In addition, all employees receive training at a five-star hotel, and Soytekin has recently hired a training and education manager to teach staff about basic issues such as using home appliances and dealing with pets.

The eco-maids all use the Citrus Based Cleaner, which is produced by a company in New Zealand and made from orange extracts mixed with biodegradable surfactants, detergents, dirt-suspending agents and water softeners. "The product has been around for quite some time," says Soytekin. "It's used a lot in the marine industry in New Zealand, particularly when they are washing down boats because obviously everything then goes back into the ocean, so making sure it's not harmful to the environment is essential."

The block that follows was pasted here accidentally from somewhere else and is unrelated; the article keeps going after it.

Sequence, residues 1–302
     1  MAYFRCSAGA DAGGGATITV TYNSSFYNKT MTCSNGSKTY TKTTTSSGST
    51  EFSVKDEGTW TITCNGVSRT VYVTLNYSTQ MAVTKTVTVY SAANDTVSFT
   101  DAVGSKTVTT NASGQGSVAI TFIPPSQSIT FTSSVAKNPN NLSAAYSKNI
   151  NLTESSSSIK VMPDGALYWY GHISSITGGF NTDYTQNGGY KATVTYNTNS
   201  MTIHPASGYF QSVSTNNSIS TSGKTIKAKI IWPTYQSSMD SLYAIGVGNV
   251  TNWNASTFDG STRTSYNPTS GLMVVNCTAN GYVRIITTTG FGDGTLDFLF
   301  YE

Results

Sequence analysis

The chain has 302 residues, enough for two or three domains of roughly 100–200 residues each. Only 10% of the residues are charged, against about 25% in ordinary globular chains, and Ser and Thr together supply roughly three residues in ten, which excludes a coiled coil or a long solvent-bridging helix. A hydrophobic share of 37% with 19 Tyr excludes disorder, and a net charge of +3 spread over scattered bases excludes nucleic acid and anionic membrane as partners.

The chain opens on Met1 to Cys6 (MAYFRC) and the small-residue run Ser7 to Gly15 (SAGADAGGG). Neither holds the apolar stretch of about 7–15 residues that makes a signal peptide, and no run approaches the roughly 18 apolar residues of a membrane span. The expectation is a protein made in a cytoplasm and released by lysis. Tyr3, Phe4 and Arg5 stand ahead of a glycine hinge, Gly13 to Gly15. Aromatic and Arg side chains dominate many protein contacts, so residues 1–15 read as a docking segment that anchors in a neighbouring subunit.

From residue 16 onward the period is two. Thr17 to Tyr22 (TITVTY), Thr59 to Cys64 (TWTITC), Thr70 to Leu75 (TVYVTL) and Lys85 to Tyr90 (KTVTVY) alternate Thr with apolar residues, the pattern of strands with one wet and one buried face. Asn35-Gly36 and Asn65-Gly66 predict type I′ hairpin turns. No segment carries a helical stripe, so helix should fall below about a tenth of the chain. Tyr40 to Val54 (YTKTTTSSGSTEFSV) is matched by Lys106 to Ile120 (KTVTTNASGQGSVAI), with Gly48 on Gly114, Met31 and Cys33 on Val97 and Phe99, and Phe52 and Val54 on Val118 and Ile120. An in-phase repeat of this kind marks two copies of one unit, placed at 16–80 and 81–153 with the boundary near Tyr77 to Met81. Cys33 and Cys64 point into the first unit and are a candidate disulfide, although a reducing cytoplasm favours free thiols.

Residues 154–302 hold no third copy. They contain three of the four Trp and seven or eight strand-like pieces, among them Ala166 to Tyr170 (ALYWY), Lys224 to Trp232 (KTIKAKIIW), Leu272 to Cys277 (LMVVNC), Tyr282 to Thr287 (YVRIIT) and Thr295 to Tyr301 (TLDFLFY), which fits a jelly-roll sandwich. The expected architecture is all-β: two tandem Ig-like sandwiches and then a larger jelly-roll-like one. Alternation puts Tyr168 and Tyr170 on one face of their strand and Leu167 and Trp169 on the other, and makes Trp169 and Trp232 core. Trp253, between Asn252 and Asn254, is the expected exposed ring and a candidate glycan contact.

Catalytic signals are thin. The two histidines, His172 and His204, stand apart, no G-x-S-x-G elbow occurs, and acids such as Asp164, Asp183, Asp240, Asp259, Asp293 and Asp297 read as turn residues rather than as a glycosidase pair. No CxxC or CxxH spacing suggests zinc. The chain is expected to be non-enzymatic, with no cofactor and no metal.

Ecomaid charges Dh35 per hour, which is only slightly above the market average - and this is inclusive of the product, Soytekin points out. "You might be able to get someone in for less, but you'll find that those girls don't work for a company or are on someone else's visa, or maybe don't have a visa at all. There's no real security for you. If something gets broken or goes missing, you are not protected."

Soytekin has taken his green approach across the business. For example, business cards and flyers are made from recycled paper and all receipts are sent electronically. The company is also looking into other eco-friendly cleaning options and is about to begin testing products - available locally - by a company called Diversey.